Friday, January 19, 2018

Price of amnesia



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The scenes in the sporting world change so fast, it is hard to remember yesterday far less yesteryear. Take the week past.

The men's and women's hockey teams went through World League qualifying in Tacarigua; and at the same time, the Soca Warrior footballers were playing in Tobago and making it to the Finals of the Caribbean Cup. In Bangladesh, Kieran Powell was scoring two separate centuries in the same match; Tino Best was getting five wickets in a Test for the first time and West Indies were going 1-0 up in the two-match series. Simultaneously, India were having their way with England at Ahmedabad, New Zealand were succumbing to Sri Lanka and the Czech Republic's tennis players were relieving the Spanish men of the Davis Cup.

Dear reader, by the end of the month, no, by the end of this week, how much of the details of those events will you remember?

It is as if the pace of these days is designed to produce amnesia. But forgetfulness can be harmful and counterproductive. Really, there are some things we cannot afford to forget, lest the problems keep recurring.

So let me bring back to mind one detail. In fact, it is news that may have escaped you all together. It was the retirement—at age 26—of cyclist Christopher Sellier.

Remember him? Well just a year or so before Njisane Phillip announced himself as a senior rider, Sellier won gold, silver and bronze in the keirin, team sprint and match sprint at the Pan American Cycling Championships in Uruguay.

He and the rest of the team got a VIP welcome at Piarco International Airport when they came home.

In 2010, at the Pan Am Championships again, Sellier set Mexico alight with a new Pan Am and Trinidad and Tobago record in the kilometre time trial—one minute, 00.995 seconds to take the gold. The national coach at the time, the abruptly fired American Olympic medallist Erin Hartwell, described the ride as "world class". Sellier was also part of a team sprint trio including Phillip and Azikiwe Kellar that got bronze at that meet with another new Pan Am Champs mark.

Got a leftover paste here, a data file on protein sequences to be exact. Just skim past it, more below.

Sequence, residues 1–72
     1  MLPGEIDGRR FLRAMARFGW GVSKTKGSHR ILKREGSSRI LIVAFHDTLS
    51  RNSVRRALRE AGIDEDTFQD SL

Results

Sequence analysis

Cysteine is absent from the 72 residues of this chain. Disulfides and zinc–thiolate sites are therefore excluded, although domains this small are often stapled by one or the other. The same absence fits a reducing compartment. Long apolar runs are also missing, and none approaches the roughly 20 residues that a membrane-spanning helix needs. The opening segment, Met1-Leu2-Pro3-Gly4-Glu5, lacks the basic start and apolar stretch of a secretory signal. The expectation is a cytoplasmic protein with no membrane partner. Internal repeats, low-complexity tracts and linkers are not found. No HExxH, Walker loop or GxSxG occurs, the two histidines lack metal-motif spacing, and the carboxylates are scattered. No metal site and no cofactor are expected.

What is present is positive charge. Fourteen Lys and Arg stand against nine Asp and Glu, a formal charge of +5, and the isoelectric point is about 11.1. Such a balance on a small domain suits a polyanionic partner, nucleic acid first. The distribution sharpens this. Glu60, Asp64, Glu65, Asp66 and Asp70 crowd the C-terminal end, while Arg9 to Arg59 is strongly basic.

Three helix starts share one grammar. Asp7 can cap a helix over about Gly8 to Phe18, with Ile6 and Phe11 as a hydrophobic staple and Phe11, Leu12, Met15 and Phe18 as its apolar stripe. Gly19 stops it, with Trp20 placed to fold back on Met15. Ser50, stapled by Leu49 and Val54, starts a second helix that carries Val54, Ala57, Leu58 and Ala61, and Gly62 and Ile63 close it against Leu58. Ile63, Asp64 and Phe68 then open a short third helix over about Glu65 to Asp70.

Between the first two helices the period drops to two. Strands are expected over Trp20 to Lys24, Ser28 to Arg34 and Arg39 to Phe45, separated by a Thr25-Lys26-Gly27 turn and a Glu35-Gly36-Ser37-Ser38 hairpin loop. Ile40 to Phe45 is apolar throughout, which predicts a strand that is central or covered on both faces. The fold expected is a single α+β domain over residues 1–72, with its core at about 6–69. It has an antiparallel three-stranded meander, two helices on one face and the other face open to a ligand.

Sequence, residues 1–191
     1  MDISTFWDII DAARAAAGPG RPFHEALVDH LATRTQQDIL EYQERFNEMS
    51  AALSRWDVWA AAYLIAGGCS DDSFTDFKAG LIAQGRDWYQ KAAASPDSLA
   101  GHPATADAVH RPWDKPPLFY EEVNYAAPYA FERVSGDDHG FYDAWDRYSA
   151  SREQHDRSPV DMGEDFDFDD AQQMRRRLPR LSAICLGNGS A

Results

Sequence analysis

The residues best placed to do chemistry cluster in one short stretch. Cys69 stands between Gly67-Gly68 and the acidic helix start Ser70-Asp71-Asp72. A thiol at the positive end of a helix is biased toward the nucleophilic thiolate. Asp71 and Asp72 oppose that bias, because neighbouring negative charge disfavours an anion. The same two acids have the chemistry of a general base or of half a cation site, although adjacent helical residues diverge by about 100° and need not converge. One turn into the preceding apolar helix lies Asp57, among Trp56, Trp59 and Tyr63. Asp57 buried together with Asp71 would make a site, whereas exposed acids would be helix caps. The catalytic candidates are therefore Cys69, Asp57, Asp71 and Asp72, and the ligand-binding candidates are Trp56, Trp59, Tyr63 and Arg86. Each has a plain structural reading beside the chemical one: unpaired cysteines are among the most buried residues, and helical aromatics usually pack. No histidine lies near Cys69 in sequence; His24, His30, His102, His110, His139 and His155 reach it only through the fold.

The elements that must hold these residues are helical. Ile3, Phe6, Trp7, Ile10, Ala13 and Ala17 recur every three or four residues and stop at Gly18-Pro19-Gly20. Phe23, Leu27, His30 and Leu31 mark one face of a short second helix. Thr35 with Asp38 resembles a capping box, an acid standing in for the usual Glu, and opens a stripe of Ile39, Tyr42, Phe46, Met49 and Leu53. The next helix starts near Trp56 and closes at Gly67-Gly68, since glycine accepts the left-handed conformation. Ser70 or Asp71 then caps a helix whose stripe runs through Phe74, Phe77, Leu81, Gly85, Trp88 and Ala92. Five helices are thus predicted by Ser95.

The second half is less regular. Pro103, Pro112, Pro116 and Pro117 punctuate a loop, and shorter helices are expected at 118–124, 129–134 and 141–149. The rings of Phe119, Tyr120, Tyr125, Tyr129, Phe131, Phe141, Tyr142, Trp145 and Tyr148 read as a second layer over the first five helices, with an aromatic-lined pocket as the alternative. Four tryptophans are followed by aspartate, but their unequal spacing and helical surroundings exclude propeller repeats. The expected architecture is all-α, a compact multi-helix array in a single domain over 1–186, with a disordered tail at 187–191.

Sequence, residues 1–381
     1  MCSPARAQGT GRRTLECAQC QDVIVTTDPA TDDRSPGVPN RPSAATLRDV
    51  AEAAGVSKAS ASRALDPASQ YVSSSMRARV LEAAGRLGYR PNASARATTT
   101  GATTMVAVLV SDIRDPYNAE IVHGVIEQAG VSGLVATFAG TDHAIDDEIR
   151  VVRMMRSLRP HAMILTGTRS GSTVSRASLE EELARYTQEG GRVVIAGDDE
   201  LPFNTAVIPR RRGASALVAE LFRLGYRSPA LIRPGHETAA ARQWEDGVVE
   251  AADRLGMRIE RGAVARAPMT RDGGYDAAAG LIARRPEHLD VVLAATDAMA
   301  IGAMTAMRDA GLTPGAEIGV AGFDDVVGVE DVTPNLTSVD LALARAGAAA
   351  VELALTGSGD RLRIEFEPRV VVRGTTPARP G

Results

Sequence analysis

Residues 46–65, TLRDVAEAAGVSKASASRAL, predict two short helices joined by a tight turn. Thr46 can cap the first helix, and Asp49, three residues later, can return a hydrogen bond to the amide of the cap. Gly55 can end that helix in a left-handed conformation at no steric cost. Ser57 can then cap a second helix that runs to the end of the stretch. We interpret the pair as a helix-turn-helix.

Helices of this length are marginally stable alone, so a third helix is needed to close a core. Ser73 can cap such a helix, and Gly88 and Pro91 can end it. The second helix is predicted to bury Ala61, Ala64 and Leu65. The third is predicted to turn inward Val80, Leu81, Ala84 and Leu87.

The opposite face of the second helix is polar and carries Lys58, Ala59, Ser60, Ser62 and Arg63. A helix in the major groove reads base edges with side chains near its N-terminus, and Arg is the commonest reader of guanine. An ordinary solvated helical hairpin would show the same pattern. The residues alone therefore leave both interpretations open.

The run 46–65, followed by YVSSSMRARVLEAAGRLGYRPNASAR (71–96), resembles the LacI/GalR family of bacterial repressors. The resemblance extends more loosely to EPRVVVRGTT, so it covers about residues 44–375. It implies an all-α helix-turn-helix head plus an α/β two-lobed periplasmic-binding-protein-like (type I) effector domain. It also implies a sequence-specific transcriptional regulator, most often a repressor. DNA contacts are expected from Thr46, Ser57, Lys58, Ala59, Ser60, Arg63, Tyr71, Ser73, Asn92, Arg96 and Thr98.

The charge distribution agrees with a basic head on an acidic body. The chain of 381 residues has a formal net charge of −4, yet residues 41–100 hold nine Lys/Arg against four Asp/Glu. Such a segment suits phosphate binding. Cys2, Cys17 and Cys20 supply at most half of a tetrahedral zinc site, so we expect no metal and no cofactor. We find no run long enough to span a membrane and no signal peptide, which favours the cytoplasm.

So what in just two years has happened to move Sellier from a VIP (Very Important Person) to an NIP (Not Important Person)?

According to him, it was no help.

"I've been doing this (cycling) for 10 years now, and since funding has been lacking, it's about time to call it quits. It's a waste of time training in Trinidad. I've been wasting my time for two years now."

"Very discouraging" and "demotivating," was how he described the last 24 months.

"It's only so much I can do training in Trinidad. By the time you leave Trinidad, all the good form that you have doesn't mean anything. The tracks (abroad) are completely different."

True, nowadays, form on the concrete track at the Arima Velodrome can hardly help a man gauge how he will do in competition on a 250 track at a World Cup or a regional championship. To be attuned to international conditions and competition, some level of preparation would have to take place overseas. But to be overseas takes money; money, money, money.

The obvious question in my mind, was why would an athlete with such proven credentials not be funded? What about the Elite Athletes programme?

So I asked Sellier. He said he got funding in 2009 ($250,000). But nothing since then.

Why not? He couldn't say. Maybe there is a reasonable explanation for this; one not given to him.

But this is not the first time that money had been a problem for this cyclist.

Looking through my files, I came across this in a piece I wrote back in 2008 on Sellier: "Two years ago (2006), he was on the verge of quitting cycling.

'I just wasn't getting any kind of financial support,' he explains. 'I just couldn't keep putting my dad under that pressure to just keep buying stuff for me. Not getting any kind of help whatsoever really just... It's not helpful.'"

There was a happy ending to that story at the time. Things are different now.

So, given the complaints that are aired from time to time by sportsmen and women about the lack of, or slow disbursement of funds by the Ministry of Sport/Sports Company, perhaps full disclosure is now necessary.

In the interest of transparency, it is time that an annual list of athletes in all disciplines who are in the Elite Athletes programme should be published. It would be clearer then how and on whom public funds are being spent. There would be less room then for idle speculation and suspicion that everyone is not being dealt a fair hand.

It is true that success or failure in any endeavour is down to the individual. But it is also true that help at the right time can make a difference as to how well a person succeeds.

Sellier's plight in cycling is not unique. Before him there was one Mario Joseph. And for those suffering amnesia here, Joseph won a Pan American Games kierin bronze medal in Winnipeg, Canada in 1999. He was still a raw product, succeeding through sheer speed, strength and will power. But less than a year later, he was virtually lost to cycling. He did not have a financial benefactor to prop him up either.

So for every Njisane Phillip that comes through, there is a Christopher Sellier or a Mario Joseph who is lost to local sport. This place is too small to be so careless with its talent.

If, as the politicians often say, sport is a vehicle to project T&T to the world and provide opportunities to the youths; then the authorities must prove true to their words. There must be less lip service.

It is simply costing too many when we forget. Or worse, ignore.